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Ear drum repair (tympanoplasty)

What is the tympanic membrane?

The ‘tympanic membrane’ is the eardrum. It is a partition between the external ear canal and the middle ear. The middle ear is an air-filled space containing three important ear bones. Sound reaching the ear drum vibrates the ear bones and transfers the energy towards the inner ear.

The ear drum protects the structures in the middle ear by providing a water-proof barrier to the outer world.

Illustration diagram of inside an ear showing ear drum, middle ear and inner ear

What causes a perforation (hole in the eardrum)?

The commonest cause of a perforation is infection. After an ear infection results in a perforation, the ear drum usually heals on its own. Occasionally, a hole is left behind that can only be fixed by surgery.

Trauma is another cause of perforations, but these almost always heal on their own.

What problems can my child have with a perforation?

Recurrent infections

Infections occur as the perforation is a direct link to the outside world, allowing substances to enter the middle ear along with water and lead to infections.

Hearing loss

A perforation can reduce the transfer of sound energy to the inner ear resulting in a hearing loss. This is usually mild. Hearing loss that is more pronounced may indicate a problem with the bones of hearing.

What is a tympanoplasty?

A tympanoplasty is a surgical procedure that repairs or reconstructs the eardrum (tympanic membrane) to help restore normal hearing. This procedure may also involve repair or reconstruction of the small bones behind the eardrum. Both the eardrum and middle ear bones need to function well together for normal hearing to occur.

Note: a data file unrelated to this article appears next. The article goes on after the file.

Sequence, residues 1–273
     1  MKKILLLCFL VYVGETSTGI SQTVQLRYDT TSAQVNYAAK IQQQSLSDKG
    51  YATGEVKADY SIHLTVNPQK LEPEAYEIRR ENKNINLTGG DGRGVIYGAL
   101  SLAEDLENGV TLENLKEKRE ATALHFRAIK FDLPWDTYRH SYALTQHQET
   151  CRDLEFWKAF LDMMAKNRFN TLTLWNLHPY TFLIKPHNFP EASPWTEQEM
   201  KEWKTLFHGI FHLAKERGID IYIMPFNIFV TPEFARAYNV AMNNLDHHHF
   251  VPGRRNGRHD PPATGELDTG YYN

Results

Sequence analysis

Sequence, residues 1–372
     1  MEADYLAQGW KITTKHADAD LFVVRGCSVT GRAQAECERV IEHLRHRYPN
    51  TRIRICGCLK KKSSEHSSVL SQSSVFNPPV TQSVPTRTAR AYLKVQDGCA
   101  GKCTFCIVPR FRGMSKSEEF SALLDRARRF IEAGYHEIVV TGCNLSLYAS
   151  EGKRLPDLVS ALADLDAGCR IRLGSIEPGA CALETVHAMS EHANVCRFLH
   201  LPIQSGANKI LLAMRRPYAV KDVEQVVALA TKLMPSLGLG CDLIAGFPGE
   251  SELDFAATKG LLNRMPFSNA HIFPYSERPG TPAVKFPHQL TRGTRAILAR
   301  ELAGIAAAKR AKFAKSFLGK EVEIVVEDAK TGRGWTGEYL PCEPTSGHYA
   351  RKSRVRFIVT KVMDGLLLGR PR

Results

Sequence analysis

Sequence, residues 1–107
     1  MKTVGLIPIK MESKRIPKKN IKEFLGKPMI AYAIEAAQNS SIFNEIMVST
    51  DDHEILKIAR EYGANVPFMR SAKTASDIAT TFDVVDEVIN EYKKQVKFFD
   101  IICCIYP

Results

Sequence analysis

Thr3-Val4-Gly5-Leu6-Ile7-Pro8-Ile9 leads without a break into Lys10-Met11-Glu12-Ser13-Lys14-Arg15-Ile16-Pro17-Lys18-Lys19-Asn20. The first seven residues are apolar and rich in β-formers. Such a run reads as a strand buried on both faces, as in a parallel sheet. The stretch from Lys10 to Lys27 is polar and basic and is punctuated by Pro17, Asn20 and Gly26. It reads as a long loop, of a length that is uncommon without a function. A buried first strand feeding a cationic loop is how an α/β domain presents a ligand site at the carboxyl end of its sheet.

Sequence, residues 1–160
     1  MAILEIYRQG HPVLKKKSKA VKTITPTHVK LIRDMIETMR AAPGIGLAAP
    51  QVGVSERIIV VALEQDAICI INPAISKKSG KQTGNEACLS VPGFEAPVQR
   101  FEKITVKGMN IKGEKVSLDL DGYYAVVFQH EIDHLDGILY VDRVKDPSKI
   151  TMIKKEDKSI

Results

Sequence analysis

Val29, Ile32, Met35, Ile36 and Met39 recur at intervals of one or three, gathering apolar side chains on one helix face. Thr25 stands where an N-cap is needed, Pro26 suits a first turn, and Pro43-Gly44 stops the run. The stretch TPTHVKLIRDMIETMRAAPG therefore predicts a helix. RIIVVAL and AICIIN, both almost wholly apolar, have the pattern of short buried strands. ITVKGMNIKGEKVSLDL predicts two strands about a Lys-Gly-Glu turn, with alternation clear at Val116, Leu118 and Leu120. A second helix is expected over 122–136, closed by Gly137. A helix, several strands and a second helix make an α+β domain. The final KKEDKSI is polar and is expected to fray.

Why does my child need a tympanoplasty?

A tympanoplasty is recommended when the eardrum is torn (perforated) or sunken in (retracted), which may be associated with hearing loss.

Surgery is usually suggested if a child with a perforated eardrum is having recurrent infections, or if they wish to have a waterproof ear for swimming. Hearing loss alone is usually not a reason for considering surgery, as hearing improvement with surgery may be variable.

This operation can be performed whenever your child is ready to have it done. Although in cases where there is a significant infection then this operation may be necessary to prevent more significant damage to the ear and the surgery may need to be performed more urgently.

Is there an alternative to the operation?

It is not always essential to undergo surgery, especially if your child is not having problems with recurrent infections. If surgery is not performed, you can help to reduce the risk of repeating ear infections by keeping the affected ear dry. This can be done using ear plugs when washing your child’s hair, during bathing, swimming or showering. For swimming, the use of a swimming cap or ear protectors in addition to ear plugs is useful. Custom made swimmer’s moulds can be obtained from our audiology team to reduce the chances of water getting in the ear.

Your surgeon may also suggest the use of hearing aids if your child’s hearing test has shown a reduced in their hearing, and our time can provide a copy of your child’s hearing test to document any hearing deficiency.